Mogwai penned Atomic as the soundtrack to Mark Cousin’s documentary Atomic: Living In Dread And Promise which was released summer 2015. The record consists or reworks of the original pieces into an album pieces, and are explorative, electronic, slowed down and krautrock inspired. Atomic is also the first release since becoming a four piece.
- Double LP £20.49
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- ROCKACT102LPX / Limited indies only TRANSLUSCENT ORANGE coloured vinyl, gatefold 2LP on Rock Action
- Includes download code
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And so continues the long Norman tradition of not watching the thing the soundtrack was for. ‘Atomic’ is yet another score by Mogwai, the same notorious Band Who Can’t Help Themselves who were baited into making music to follow Zinedine Zidane around with. This soundtrack goes after a different kind of documentary, one about the atomic world that scopes out both war and scientific advancement. The band begin their score with a deceptive offering of post-rock beauty, “Ether” bustling with fuzzed guitar rawk and monolithic French horn arrangements so ascendent you can almost feel the plants growing below your feet.
Mogwai’s infatuation with glitch pop and squeaking electronics is not unwelcome here: “SCRAM” matches programmed beats with tinkering acoustic percussion and a lilting ambience a la Tangerine Dream, suggesting a climax while sort of pre-emptively arriving at it. It’s sort of like “White Noise” if you took the people out of the equation and submerged the music in hot water -- it’s less emotive, but eventually reaches for the same screeching crescendo. “Bitterness Centrifuge” opens on the kind of Tim Hecker noise drone that loves to scatter around one’s ears, but a dooming drumbeat lands callously onto proceedings and makes it distinctly Mogwai.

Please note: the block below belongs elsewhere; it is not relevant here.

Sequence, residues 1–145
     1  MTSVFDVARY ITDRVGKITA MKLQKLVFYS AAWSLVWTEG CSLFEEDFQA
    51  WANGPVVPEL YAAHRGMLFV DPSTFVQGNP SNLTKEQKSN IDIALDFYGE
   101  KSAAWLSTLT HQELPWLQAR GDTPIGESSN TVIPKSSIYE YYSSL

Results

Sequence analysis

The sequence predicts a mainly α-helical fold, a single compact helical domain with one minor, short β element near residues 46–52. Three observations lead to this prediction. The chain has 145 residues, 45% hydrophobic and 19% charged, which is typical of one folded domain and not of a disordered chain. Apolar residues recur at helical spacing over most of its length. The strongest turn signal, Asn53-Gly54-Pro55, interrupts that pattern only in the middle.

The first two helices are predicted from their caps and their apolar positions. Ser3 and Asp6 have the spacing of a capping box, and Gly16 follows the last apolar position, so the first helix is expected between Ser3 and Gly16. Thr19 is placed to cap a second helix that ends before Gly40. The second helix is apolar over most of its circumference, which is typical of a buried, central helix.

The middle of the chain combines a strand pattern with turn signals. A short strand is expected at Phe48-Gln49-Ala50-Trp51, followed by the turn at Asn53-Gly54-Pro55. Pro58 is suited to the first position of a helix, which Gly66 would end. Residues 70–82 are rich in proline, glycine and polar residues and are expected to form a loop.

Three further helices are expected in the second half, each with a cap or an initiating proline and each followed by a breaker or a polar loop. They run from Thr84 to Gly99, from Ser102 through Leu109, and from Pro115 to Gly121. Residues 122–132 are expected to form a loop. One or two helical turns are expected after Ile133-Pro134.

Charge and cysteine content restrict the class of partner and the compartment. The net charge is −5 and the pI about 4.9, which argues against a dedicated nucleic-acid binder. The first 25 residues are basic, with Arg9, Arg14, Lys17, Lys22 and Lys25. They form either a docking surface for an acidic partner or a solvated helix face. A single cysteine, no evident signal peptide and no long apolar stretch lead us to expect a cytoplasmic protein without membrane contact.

As moody as your average Mogwai record, it’s best to treat the tunes on ‘Atomic’ as their own set-pieces, similar in terms of their post-rock dynamic (a long build, eventually dangled off the edge), but significant to particular moments of the documentary. “Weak Force” takes a synth melody, suspends it and then brings in nimble beats a la 65daysofstatic, and though it’s patter is hella obvious, it’s still an incredibly involving piece of music. Frankly, this record is so great because it’s so familiar, in whatever shade of Mogwai it’s honing: my favourite happens to be “Are You A Dancer?”, a slightly countrified take on their CODY sound that proves both their excellence in consistency and their knack for slight, reserved musical advancements.
Nothing in their sound is quite as ground-breaking as the subject of this documentary, but it sounds good, and I’m into things sounding good.
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